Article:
The submarine's commanding officer, Cmdr. John Stafford, who hails from Staten Island, New York, said his crew's performance was admirable.
"They were resilient when they needed to be, and creative with their tactics, keeping the ship on point and on mission," said Stafford. "I can't say enough about the effort they put in to get there and stay there."
Lt. Cmdr. Jeremy Johnston, USS Cheyenne's executive officer, had high praise for the crew's performance.
"New crew members excelled," Johnston said. "It was a tough task, but they took it head on and worked hard. We supported our junior crew through a rigorous training and qualification program backed with practical evolutions and on-the-job training. On Cheyenne, we say that our best resource is new people."
Senior Chief Sonar Technician Julio Hernandez, Cheyenne's chief of the boat, from Brawley, California, said the crew performed phenomenally.
"We made the crew own the training, so they trained each other," said Hernandez. "It was the Sailors training the Sailors, which was effective because they owned it and believed in it."
While deployed, 15 Sailors and four officers earned their designation as qualified in submarines and now wear the dolphin warfare insignia. Additionally, eight Sailors were advanced in rank, three officers were promoted, and 14 junior Sailors reenlisted while underway.
"My favorite part of deployment was the relationships we strengthened as a crew," said Electronics Technician 1st Class Taquan Monrose, from Newport News, Virginia. "We spent months together doing some things other people couldn't imagine."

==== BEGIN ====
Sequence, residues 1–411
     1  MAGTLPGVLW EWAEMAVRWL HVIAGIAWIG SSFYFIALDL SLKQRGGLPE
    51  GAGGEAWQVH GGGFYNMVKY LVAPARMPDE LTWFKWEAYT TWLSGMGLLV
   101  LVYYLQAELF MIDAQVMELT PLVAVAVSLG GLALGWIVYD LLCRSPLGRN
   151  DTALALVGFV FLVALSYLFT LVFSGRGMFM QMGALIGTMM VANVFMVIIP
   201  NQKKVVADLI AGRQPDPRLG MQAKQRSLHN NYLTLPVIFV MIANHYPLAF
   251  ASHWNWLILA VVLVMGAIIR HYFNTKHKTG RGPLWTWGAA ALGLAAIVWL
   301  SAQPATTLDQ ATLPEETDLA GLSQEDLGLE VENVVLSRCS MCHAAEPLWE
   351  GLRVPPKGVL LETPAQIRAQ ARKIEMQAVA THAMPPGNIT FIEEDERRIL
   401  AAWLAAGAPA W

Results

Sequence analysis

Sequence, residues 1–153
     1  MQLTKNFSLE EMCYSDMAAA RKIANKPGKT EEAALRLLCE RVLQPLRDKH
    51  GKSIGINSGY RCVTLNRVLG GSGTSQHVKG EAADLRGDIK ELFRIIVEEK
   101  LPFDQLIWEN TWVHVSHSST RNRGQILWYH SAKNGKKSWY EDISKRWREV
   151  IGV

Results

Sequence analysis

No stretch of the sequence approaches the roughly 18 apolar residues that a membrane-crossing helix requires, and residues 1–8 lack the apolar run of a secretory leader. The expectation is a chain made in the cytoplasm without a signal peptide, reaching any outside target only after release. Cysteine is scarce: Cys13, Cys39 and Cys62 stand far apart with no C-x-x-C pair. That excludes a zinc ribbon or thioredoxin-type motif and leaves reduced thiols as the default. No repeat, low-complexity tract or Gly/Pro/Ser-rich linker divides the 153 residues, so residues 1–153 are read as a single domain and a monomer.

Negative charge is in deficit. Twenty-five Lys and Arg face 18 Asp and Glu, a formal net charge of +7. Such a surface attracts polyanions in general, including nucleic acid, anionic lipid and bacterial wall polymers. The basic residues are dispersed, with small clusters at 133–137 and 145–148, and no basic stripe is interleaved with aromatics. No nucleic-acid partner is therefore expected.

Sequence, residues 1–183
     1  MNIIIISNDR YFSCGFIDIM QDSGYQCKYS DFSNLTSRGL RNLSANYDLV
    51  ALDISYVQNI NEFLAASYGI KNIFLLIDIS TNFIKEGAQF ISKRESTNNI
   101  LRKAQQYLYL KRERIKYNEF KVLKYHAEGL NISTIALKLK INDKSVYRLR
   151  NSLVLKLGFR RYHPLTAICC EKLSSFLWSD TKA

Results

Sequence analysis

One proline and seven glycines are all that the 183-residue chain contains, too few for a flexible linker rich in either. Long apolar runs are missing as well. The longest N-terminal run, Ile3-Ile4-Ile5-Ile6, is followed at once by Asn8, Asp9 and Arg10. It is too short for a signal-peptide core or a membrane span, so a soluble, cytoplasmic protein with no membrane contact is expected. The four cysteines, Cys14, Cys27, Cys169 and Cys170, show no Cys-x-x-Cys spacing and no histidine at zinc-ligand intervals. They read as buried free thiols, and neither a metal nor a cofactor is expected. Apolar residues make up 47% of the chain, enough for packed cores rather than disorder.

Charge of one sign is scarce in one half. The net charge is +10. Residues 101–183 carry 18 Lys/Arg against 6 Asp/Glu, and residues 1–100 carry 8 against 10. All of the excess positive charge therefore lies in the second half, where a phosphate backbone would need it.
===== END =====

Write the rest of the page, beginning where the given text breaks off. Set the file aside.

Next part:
Cheyenne achieved a number of milestones while under way, including participation in anti-submarine warfare exercises with Submarine Group 7, a port visit to Subic Bay in the Philippines, participating in volunteer work at a school for physically-challenged children, and organizing a beach clean-up.
Upon returning home to Pearl Harbor, Stafford and his crew looked forward to reuniting with family and friends.
"We talked about doing a lot of big trips; but to be honest with you, I am just looking forward to Lanikai Beach, maybe movie night on Friday night, and going to church on Sunday," said Stafford. "If I could get back to that routine, I would consider it a great success."
Waiting on the pier were friends and family with leis, banners and signs, with many of the greeters cheering their return.
Debora Ann Harris traveled from Coconut Creek, Florida, to welcome home her son, Lt. Logan Harris.
"He always has been a leader and is very industrious," said Harris. "We are just so very proud of him. The excitement of them coming in is almost overwhelming."
Homeported in Pearl Harbor, USS Cheyenne is named after the city of Cheyenne, Wyoming, and was the last of the 62 Los Angeles-class submarines to enter service in the U.S. Navy. Commissioned Sept. 13, 1996, Cheyenne measures more than 360-feet long and weighs more than 6,000 tons when submerged.
In 2003, Cheyenne earned the distinction of "first to strike" as the first ship to launch Tomahawk cruise missiles in Operation Iraqi Freedom. Since then, the submariners aboard have modified the original "Live the Legend" motto to "Ride the Legend," representative of the warrior spirit of the crew and the pride they take in their mission and namesake city.